Teacher killed in front of class
Published 04/07/2014 | 12:17
The mother of a pupil at a French school stabbed a teacher to death in front of her class.
The education minister said the mother had "serious psychiatric problems", and pledged support for teachers in the face of angry or violent parents. The mother was taken into custody.
Deadly attacks in a school are extremely rare in France, and the stabbing in front of a class of five and six-year-olds raised concern at the highest levels. French president Francois Hollande expressed outrage at the attack at the Edouard Herriot school in Albi in southern France.
Education minister Benoit Hamon travelled to the school, and told reporters that the mother of a pupil "committed this abominable act in a class against a remarkable teacher". A police official said the mother stabbed the teacher with a knife soon after school started on Friday.
Hamon said the attacker's child had been in the school only for a month and a half, and the mother had had very little contact with school staff. It was unclear whether her five-year-old daughter was in class at the time of the attack.
Police and city officials would not comment on possible reasons for the attack on Fabienne Terral-Calmes, 34. The teacher had two small daughters, Hamon said.
"The children were immediately taken in by another teacher who brought them to another classroom to talk to them, to tell them stories, to try to break them away from what they had just lived through," Hamon said.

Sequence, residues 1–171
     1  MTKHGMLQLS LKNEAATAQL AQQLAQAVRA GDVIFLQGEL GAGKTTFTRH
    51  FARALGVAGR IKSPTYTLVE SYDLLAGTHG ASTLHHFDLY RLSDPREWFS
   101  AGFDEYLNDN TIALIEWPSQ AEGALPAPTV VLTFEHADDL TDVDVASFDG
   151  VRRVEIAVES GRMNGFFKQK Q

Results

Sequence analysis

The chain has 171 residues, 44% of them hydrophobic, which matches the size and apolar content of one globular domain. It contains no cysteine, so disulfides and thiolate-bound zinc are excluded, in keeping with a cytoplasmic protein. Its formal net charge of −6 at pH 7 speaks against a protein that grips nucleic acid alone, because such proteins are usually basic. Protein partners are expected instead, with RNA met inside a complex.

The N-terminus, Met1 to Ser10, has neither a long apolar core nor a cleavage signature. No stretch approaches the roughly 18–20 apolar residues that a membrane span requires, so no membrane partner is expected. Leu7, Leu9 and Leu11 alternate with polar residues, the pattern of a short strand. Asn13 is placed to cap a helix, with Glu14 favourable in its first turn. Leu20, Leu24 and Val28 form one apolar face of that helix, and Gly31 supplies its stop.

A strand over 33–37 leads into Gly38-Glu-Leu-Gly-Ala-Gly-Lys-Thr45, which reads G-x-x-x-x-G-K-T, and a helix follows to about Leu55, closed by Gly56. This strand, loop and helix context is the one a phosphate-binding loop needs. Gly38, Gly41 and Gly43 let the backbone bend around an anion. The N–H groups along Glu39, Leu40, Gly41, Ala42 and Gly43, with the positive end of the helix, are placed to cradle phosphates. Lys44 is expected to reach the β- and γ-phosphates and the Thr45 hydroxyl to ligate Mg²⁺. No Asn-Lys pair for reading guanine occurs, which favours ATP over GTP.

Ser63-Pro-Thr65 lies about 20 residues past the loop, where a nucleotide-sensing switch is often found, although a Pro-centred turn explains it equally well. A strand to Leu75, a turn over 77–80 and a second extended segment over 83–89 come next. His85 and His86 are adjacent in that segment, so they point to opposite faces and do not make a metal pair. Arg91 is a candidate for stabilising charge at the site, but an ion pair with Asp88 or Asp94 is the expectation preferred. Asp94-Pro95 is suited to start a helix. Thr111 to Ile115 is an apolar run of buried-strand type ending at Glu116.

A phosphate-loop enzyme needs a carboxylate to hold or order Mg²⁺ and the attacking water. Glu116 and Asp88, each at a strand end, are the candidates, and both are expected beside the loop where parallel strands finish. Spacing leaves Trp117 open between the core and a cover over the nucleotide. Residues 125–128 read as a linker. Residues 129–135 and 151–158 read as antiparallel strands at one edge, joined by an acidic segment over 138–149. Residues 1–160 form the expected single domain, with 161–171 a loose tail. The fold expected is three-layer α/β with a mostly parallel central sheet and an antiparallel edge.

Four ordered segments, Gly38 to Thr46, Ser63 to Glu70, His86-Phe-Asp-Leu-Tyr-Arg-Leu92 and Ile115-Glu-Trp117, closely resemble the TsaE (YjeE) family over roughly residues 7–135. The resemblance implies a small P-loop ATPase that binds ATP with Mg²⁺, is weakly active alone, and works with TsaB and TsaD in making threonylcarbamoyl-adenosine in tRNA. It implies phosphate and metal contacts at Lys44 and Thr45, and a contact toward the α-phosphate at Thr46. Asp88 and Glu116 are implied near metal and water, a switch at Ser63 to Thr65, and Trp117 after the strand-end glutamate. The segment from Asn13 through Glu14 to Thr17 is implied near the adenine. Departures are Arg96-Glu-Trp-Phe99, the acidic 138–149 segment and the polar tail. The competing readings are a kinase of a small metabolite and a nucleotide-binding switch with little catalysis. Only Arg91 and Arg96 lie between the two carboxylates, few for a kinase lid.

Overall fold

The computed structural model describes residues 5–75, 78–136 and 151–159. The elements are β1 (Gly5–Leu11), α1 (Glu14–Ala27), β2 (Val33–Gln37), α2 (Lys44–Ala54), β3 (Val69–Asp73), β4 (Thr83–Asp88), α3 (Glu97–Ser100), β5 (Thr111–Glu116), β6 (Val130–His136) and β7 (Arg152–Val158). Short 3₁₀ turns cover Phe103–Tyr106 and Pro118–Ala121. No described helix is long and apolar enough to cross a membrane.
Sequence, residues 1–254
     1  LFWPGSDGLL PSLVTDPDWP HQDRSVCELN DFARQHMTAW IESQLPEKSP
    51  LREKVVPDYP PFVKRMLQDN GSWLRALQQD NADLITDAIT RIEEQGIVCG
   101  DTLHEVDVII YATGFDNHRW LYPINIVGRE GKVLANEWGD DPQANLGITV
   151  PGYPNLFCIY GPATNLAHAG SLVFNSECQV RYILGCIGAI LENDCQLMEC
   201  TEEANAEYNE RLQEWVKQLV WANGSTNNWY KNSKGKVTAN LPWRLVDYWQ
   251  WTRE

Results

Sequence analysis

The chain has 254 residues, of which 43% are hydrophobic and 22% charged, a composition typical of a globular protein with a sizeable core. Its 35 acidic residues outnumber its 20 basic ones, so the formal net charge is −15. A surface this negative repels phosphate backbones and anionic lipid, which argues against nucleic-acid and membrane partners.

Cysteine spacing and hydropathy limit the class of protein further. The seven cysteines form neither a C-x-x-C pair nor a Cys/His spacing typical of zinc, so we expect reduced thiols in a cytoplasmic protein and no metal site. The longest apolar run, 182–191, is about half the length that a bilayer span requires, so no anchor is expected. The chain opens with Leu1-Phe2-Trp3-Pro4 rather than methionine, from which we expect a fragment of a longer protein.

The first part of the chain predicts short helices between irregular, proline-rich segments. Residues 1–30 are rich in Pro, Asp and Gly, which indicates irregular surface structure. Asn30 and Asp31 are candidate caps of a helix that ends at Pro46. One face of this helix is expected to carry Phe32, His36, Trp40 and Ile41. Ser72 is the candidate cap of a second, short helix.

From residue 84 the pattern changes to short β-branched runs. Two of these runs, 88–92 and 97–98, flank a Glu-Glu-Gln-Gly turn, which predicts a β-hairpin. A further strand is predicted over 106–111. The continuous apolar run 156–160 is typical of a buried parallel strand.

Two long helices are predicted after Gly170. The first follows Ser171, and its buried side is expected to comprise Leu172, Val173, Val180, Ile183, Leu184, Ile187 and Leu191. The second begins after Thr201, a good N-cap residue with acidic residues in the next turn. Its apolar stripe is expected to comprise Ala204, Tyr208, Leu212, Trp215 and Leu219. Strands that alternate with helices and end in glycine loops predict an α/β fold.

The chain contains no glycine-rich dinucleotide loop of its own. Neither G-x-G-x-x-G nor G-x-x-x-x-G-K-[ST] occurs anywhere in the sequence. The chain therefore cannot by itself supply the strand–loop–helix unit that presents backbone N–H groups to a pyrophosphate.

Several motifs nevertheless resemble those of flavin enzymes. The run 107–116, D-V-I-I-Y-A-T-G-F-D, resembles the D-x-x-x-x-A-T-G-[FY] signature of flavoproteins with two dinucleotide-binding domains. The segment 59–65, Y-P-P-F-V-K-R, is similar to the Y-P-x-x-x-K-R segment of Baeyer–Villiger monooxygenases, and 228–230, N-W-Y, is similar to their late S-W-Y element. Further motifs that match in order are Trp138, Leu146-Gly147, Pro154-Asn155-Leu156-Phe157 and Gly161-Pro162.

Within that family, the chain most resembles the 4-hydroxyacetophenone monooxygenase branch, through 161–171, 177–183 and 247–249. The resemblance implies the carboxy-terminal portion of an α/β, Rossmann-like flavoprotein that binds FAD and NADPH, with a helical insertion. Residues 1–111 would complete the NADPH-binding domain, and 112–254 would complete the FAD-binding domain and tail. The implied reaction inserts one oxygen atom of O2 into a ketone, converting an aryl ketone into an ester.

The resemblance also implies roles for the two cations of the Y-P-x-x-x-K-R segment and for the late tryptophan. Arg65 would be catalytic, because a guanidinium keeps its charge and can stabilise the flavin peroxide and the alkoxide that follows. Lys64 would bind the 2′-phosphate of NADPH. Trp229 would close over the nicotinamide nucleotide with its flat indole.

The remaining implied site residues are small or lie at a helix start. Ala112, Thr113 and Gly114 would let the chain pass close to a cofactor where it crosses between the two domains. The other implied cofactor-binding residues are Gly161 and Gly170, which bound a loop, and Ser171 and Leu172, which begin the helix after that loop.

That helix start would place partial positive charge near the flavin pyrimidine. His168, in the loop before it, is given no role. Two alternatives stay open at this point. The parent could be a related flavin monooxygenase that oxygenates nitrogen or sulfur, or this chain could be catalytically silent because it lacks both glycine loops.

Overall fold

Marie-Odile Gay, a member of the regional health and safety committee for the Education Ministry, said the mother thought the teacher had called her daughter a thief, and that misperception might have played a role in the attack.
Gay said that the mother, 47, had received psychiatric counselling in the past, and had been accused by police earlier this year of abandoning her 15-year-old son.
Gay said the five-year-old daughter had not had any difficulties in school, and had been transferred to the care of social services.
"This is something that will stay with her forever," Gay said. "It's very important to ensure that she is cared for."
Some teachers complained that staff cuts have left teachers more vulnerable, and urged better attention to the tensions they face with some parents.
But fellow teacher Robert Couffignal of the regional teachers union insisted that the attack was an "isolated case" that had nothing to do with this particular school, and warned against going overboard with security measures as a result.
"Metal detectors at schools are not the answer," he said. "We want to have close contact with the parents that creates a link of trust."
He said the larger problem for schools in his region and around France is tension over economic decline and lack of job prospects for young people, especially those from poor or immigrant backgrounds.
The education minister lamented the especially painful timing of the attack.
"This July 4, the moment when we should be happy for all children that school is over, that vacations are beginning, that teachers successfully completed the school year, has been turned into a day of mourning ... by this abominable crime," Hamon said.
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